There was a passage in Dr. Heath's address which touched this point: "Humanism should be begun in the mother tongue. To attempt any study of style or culture in the foreign tongue before the age of eighteen or nineteen is to stunt the imagination and to encourage loose language and vague thinking. The realities, the 'things useful to be known' in the earlier stage of teaching a foreign language, must be concrete things, the national life and ways. For the most part, school life will cease at the point where the literature of the foreign tongue lies open to the youth as a guide and help to a wide citizenship and higher ideals when he faces the rough-and-tumble of the world; but, if he is ready to appreciate the foreign style or to make a more careful study of the style and the philosophy of the neighboring people in his last two years at a public school or when he enters the University, this stage must be inaugurated by a study of logic. And so far as his language study is concerned, this logical training is afforded him by means of careful translation. . . . Nothing but translation can reveal the gaps in our powers of expression." This, it seems, is an answer that might well be given, provided that the first essential condition to be fulfilled, namely, "Humanism should be begun in the mother tongue." Hitherto, to a large extent, this part of culture has been the part of the classics. Whenever the classics are not studied, this duty must fall on some other language. And of modern languages, which one is to supply the humanism?

This question bears on the assertion of the Modern Language Association that English is one of the modern languages, and, so far as Englishman are concerned, the most important one. To hold up the example of continental ways of studying the mother tongue is quite useless. It has been done over and over again, and still the majority of English schools send out scholars quite unable to write as well as Frenchmen and generally unable to express themselves easily enough to make a short speech. Schoolboys who happen to come across a mention of what French boys study -- among other things being French -- always ask, "Why do they need to study French?" and the average Englishman is equally at a loss to know the reason. There, undoubtedly, lies the fault at present. Belles lettres, history and other kindred subjects must rest on English foundations during secondary education. A foreign language master cannot aspire to bring his pupils to the stage of sympathy with the thought or form of foreign prose or poem. Cannot aspire, because he must not attempt it. There will always be a certain small number of pupils who can appreciate the philosophy or the beauty of a foreign work. But the aim with regard to the average pupil, as Dr. Heath asserts, should really be to prepare the mind carefully so that when the time comes for leaving school, it goes of its own accord to study what the foreign nation itself values as its best inheritance. And this voluntary study can only be expected when a real interest has been kindled; and this interest can probably be cultivated most surely by attaining ease in the use of the ordinary language of intercourse, and gaining an intelligent knowledge of the great people as it now lives and acts.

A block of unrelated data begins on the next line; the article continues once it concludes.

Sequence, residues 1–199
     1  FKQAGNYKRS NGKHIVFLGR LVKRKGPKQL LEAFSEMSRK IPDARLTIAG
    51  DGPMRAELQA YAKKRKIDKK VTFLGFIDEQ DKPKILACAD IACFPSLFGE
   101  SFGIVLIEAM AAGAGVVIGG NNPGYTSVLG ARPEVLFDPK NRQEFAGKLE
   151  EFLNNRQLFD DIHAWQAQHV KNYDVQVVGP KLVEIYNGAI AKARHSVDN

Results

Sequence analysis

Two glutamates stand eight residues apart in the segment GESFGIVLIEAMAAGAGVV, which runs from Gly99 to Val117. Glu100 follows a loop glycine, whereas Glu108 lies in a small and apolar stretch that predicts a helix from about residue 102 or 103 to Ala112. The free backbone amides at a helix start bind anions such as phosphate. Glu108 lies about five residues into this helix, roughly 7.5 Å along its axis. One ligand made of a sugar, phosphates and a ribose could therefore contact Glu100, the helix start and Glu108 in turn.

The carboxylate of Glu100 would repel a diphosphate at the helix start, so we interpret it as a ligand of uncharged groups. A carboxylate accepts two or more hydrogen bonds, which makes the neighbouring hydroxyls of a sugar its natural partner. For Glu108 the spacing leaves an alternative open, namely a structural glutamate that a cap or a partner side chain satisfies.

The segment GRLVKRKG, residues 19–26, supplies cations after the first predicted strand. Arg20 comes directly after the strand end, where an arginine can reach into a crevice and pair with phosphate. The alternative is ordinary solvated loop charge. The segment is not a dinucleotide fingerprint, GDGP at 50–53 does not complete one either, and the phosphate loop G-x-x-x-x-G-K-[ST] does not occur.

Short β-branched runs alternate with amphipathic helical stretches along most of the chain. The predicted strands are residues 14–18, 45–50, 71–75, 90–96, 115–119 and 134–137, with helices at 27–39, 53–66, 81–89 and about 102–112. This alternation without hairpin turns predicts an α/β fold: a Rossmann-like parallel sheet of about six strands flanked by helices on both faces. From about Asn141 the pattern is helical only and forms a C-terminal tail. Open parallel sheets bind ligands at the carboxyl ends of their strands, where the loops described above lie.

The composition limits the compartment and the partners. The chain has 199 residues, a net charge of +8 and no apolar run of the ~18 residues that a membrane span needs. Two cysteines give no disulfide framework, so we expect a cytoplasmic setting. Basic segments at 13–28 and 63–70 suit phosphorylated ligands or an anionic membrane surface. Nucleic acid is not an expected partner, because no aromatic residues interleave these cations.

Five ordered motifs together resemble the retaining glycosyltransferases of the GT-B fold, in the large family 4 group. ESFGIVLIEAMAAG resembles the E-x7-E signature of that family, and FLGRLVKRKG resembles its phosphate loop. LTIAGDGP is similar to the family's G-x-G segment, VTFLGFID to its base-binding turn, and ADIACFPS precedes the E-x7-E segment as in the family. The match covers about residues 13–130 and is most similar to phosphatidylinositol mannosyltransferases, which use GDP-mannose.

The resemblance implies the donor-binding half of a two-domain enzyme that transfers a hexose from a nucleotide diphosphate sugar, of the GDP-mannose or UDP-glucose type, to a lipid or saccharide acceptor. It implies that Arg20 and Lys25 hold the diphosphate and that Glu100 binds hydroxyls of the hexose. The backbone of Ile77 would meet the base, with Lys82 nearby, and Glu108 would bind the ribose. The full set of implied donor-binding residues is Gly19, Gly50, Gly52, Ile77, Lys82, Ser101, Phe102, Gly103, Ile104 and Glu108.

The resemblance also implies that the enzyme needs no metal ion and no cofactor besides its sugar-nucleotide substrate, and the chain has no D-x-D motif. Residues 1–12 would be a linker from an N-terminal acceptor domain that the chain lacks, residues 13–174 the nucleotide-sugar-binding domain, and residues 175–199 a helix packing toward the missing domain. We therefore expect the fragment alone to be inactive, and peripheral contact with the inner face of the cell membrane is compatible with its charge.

Who can fail to be interested in the history of France when he has seen the country? And what young mind with a fair knowledge of contemporary France and of all that it is proud of would consider the study of its evolution of no interest, when once school days are over and problems of actual life require solving? It would be better for a young undergraduate to be able to join intelligently in the conversation of French society than to be able to discuss the subtleties of grammar. And to say that a foreign language teacher aims at giving a pupil this power to take an intelligent part in French conversation, is by no means to narrow his sphere more; but if the majority in a secondary school could claim to be able to converse intelligently on ordinary topics in French society, the result would be one to satisfy the most aspiring master.

G. L. F.

Typed by Mariel, August, 2023; Proofread by LNL, August, 2023